heed

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See also: Heed

English[edit]

Etymology[edit]

From Middle English hēden, from Old English hēdan (to heed, take care, observe, attend, guard, take charge, take possession, receive), from Proto-Germanic *hōdijaną (to heed, guard), from Proto-Indo-European *kadʰ- (to heed, protect). Cognate with West Frisian hoedje (to heed), Dutch hoeden (to heed), German hüten (to heed).

Pronunciation[edit]

Noun[edit]

heed (uncountable)

  1. Careful attention.
    • 1898, J. Meade Falkner, Moonfleet Chapter 4
      Then for a few minutes I did not pay much heed to what was said, being terribly straitened for room, and cramped with pain from lying so long in one place.

Usage notes[edit]

  • Often used with give, pay or take.

Synonyms[edit]

Translations[edit]

Verb[edit]

heed (third-person singular simple present heeds, present participle heeding, simple past and past participle heeded)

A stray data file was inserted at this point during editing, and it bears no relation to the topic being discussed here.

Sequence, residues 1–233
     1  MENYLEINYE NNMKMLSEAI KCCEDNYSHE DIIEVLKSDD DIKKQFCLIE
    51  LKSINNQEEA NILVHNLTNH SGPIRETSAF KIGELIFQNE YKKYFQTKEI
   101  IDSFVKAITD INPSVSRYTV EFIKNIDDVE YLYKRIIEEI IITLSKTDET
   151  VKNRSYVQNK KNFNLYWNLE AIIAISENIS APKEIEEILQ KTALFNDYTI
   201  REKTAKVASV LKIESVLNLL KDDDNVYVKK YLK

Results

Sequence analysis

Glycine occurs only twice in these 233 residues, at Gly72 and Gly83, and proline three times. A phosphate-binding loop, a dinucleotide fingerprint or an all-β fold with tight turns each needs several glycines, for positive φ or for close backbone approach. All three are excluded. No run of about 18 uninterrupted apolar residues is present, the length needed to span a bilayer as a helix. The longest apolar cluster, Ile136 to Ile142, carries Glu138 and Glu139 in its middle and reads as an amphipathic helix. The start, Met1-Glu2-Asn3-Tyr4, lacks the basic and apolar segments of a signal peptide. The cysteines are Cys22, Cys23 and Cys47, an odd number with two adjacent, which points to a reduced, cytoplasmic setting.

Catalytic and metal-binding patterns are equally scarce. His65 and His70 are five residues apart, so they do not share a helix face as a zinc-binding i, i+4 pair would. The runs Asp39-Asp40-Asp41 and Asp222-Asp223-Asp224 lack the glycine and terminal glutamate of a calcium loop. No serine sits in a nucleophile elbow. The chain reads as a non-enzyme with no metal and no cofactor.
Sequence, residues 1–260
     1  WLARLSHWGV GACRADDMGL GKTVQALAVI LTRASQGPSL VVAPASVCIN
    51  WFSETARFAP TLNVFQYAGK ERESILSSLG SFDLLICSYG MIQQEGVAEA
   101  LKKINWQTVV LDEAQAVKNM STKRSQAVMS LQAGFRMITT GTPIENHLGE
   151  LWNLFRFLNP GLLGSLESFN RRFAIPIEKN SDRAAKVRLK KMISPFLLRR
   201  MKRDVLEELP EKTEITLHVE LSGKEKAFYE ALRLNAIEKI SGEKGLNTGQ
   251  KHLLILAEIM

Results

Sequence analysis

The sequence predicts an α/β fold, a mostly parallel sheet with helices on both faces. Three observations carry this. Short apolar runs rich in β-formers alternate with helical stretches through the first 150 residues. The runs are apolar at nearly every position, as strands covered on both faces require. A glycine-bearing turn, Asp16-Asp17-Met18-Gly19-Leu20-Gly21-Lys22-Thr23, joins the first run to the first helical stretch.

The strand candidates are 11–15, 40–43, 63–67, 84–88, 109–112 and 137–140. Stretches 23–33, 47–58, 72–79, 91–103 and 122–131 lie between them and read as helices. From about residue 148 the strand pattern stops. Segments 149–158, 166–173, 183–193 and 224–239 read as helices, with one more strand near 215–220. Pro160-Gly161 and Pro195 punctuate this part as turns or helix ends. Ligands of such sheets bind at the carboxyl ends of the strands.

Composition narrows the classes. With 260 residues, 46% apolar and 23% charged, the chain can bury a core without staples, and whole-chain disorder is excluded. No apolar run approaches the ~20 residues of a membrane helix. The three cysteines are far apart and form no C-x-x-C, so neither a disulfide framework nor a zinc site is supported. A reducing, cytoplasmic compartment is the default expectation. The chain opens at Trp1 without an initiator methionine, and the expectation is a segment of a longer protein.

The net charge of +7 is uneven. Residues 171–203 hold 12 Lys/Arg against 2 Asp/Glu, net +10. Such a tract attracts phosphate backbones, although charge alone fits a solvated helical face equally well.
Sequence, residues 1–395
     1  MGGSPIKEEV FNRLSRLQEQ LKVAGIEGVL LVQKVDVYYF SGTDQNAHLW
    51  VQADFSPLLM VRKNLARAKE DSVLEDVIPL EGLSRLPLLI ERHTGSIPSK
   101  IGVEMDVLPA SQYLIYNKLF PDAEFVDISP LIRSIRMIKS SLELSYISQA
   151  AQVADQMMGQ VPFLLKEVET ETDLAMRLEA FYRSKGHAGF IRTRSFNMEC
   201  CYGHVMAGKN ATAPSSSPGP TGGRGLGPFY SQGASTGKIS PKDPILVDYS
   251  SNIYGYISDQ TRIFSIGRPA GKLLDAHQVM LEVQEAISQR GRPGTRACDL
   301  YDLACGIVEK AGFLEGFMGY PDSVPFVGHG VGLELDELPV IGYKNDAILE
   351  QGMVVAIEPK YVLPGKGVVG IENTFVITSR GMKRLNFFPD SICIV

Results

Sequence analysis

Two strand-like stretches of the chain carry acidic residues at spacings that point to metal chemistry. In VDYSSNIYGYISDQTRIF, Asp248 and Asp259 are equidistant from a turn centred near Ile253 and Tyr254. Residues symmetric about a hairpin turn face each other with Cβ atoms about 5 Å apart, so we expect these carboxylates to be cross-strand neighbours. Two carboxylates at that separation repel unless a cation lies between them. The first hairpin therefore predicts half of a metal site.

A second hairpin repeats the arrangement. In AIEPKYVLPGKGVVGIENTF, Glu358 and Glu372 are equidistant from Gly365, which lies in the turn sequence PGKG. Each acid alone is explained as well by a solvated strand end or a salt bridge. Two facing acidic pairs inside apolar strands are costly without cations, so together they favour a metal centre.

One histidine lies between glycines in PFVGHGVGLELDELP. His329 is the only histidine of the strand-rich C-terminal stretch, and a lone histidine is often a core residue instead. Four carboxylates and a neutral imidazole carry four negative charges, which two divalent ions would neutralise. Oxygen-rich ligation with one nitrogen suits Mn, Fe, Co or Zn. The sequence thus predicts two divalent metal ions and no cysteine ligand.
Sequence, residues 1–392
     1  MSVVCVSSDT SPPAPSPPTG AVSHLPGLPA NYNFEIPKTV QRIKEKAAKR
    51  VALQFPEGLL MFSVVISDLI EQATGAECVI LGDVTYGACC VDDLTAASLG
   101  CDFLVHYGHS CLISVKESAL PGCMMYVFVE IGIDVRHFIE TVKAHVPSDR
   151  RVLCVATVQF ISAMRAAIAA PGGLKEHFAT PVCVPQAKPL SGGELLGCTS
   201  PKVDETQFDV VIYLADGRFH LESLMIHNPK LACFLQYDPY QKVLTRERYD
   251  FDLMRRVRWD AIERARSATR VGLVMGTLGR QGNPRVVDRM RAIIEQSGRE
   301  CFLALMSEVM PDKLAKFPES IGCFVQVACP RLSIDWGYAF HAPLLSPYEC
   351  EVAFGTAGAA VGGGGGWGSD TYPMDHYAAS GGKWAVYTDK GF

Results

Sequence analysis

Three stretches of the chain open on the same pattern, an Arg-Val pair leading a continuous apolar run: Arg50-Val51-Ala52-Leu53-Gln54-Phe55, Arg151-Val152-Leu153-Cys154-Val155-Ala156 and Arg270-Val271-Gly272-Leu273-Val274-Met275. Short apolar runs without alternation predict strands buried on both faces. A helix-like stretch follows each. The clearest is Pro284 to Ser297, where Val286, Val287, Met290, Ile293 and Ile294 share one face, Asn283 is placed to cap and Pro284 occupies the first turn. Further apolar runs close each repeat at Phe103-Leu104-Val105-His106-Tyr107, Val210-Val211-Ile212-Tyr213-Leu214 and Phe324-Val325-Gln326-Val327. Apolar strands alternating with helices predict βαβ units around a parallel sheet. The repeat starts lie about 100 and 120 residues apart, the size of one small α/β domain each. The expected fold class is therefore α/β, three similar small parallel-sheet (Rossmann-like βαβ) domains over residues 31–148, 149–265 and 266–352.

1. (transitive) To mind; to regard with care; to take notice of; to attend to; to observe.
    • Dryden
      With pleasure Argus the musician heeds.
    • 2013 September 23, Masha Gessen, "Life in a Russian Prison," New York Times (retrieved 24 September 2013):
      Tolokonnikova not only tried to adjust to life in the penal colony but she even tried to heed the criticism levied at her by colony representatives during a parole hearing.
  2. (intransitive, archaic) To pay attention, care.

Translations[edit]

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Middle English[edit]

Alternative forms[edit]

Etymology[edit]

From Old English hēafod.

Noun[edit]

heed (plural heeds)

  1. head (anatomy)

Related terms[edit]

Descendants[edit]

References[edit]

p. 1, Arthur; A Short Sketch of his Life and History in English Verse of the First Half of the Fifteenth Century, Frederick Furnivall ed. EETS. Trübner & Co.: London. 1864.